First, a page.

The organizations involved in the campaign issued the following statements:
“Every time that the Chicago Police Department shares information about any of us with immigration enforcement they are violating Chicago’s promise to be a Sanctuary City and to protect us from President Trump’s policies, said Rosi Carrasco, OCAD organizer. “The City of Chicago must look at how its policies not only criminalize people of color and feed us into Trump’s deportation machine,” she concluded.
“If Chicago is serious about real sanctuary and ending criminalization for all it’s residents, releasing this information is a minimal step towards that end,” said Janae Bonsu, BYP100 National Public Policy Chair. “The gang database has allowed for the rampant targeting of Black and Brown people in Chicago with no accountability for too long. We’re requesting these data as a first step towards bringing the functions of the database out of obscurity,” she stated.
“President Trump is going after our communities by using law enforcement to target, detain, and incarcerate us. As we are fighting for survival, we cannot tolerate ‘Sanctuary’ cities in name only. Exposing and tackling the gang database is both about protecting our families and our neighbors, and pushing Chicago to be an example for the country for what resistance and protection should look like,” stated Tania Unzueta, Policy Director at Mijente.
“Across the country Gang databases have proven to be a deeply flawed and sometimes unlawful law enforcement tool. Databases institutionalize racial profiling by targeting Black and Brown people, are over-inclusive and rife with inaccuracies. The public has a right to know how CPD is using public funds to administer these racist, problematic public safety strategies,” stated Sheila Bedi, attorney at the MacArthur Justice Center.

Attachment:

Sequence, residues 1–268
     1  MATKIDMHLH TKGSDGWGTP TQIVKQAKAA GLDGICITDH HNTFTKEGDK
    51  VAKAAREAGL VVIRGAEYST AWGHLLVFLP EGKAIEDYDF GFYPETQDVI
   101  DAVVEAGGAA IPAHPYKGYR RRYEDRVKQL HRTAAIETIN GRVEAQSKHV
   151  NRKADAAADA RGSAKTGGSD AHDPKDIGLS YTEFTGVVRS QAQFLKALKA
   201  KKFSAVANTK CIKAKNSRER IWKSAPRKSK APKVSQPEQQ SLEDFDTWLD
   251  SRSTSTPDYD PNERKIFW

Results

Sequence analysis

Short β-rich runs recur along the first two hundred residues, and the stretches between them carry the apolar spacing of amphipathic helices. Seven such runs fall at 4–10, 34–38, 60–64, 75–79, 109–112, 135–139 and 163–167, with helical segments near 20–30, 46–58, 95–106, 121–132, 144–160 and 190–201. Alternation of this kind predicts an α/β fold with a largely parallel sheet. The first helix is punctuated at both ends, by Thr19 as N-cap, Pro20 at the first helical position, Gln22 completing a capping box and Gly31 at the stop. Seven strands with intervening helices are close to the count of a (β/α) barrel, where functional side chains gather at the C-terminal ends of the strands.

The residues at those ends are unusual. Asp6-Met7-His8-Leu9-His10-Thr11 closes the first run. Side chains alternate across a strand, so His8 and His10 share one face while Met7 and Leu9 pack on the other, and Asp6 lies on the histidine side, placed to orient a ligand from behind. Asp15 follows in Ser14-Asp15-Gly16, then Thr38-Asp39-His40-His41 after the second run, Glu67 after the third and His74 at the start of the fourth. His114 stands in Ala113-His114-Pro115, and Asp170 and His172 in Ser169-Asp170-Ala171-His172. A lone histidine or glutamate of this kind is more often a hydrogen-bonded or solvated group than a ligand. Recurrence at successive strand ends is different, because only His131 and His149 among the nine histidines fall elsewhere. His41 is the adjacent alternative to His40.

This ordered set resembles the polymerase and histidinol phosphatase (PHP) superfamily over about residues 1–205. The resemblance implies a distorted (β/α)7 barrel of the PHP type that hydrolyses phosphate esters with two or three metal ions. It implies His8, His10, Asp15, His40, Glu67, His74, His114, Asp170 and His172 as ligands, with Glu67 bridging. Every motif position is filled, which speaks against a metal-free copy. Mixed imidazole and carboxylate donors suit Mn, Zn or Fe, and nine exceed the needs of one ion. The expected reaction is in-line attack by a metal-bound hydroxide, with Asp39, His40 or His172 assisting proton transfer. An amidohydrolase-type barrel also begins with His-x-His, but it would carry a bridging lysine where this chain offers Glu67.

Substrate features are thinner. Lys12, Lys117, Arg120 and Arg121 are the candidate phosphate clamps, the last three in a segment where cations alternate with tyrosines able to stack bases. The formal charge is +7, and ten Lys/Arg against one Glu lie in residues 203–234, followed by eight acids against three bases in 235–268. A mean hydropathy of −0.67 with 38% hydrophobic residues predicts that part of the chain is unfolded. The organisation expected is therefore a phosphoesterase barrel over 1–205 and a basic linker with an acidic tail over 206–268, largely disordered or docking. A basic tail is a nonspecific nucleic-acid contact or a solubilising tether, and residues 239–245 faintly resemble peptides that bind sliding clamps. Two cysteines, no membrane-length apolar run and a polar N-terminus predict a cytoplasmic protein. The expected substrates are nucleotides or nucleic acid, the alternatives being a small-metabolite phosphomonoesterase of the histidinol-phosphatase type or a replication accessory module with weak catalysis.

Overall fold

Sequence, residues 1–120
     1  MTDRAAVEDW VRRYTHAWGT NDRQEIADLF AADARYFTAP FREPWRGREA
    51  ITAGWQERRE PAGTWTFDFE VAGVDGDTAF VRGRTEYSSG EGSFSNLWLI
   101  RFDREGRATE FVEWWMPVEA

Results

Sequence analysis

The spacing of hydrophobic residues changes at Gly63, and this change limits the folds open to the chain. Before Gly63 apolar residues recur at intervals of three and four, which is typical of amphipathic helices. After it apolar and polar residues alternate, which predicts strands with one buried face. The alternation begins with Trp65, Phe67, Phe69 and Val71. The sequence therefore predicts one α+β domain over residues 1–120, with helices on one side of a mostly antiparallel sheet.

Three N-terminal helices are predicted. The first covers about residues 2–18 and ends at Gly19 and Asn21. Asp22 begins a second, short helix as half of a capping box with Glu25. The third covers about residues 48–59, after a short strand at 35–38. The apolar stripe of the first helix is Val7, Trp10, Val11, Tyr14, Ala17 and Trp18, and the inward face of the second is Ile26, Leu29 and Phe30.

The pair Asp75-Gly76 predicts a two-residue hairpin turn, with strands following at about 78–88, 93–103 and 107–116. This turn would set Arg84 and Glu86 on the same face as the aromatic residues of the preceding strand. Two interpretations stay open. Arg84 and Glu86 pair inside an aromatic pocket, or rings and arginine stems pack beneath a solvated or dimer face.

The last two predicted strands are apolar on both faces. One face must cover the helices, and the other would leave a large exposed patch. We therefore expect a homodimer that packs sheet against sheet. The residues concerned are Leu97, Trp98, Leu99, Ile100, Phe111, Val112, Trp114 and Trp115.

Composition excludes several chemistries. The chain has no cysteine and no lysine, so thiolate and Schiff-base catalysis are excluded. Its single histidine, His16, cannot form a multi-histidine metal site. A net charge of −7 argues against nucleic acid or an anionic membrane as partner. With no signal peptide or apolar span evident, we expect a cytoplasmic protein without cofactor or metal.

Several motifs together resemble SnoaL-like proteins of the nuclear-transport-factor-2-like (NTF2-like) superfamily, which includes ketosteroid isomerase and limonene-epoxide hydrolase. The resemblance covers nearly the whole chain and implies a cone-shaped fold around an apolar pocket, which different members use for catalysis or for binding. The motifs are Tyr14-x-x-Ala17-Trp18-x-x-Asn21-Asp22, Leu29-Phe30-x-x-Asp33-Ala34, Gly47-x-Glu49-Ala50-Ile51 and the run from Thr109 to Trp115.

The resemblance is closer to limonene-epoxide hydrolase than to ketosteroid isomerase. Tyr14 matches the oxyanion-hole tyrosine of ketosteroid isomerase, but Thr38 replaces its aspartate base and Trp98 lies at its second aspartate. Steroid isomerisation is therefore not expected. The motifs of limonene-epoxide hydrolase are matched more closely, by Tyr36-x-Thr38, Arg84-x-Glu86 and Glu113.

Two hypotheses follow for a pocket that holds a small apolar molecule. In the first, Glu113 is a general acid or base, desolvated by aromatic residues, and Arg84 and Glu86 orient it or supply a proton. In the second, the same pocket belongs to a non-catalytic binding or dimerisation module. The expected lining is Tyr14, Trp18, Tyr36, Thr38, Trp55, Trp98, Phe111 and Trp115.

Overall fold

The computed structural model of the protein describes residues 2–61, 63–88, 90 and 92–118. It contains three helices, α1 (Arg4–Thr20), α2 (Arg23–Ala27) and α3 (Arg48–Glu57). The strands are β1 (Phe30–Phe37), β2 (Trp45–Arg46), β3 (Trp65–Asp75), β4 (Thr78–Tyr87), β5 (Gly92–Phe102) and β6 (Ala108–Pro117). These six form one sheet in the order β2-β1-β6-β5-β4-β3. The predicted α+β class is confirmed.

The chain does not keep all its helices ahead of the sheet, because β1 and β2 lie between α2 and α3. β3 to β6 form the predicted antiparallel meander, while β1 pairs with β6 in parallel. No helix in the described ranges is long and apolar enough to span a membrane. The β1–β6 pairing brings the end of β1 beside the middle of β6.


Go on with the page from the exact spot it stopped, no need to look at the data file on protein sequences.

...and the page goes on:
Below is the document that was filed at the Chicago Police Department FOIA office:
The organizers and their attorneys expect a response from the City of Chicago as early as next week. If records are not forthcoming the community groups and their counsel are prepared to file litigation to seek their release. In the meantime, they are advocating for the information to be released through conversations with the City and members of the Chicago City Council.
Organized Communities Against Deportations (OCAD) is an undocumented-led group that organizes against the deportation and criminalization of Black, Brown and immigrant communities in Chicago and surrounding areas (organizedcommunities.org)
Black Youth Project 100 (BYP100) is an activist member-based organization of Black 18-35 year olds, dedicated to creating justice and freedom for all Black people (www.byp100.org)
Founded in 1985, the Roderick and Solange MacArthur Justice Center is one of the premier civil rights law firms in the United States (law.northwestern.edu/legalclinic/macarthur)
Mijente is a national political home for Latinx and Chicanx grassroots organizing that comes out of the Not One More Deportation Campaign (www.mijente.net)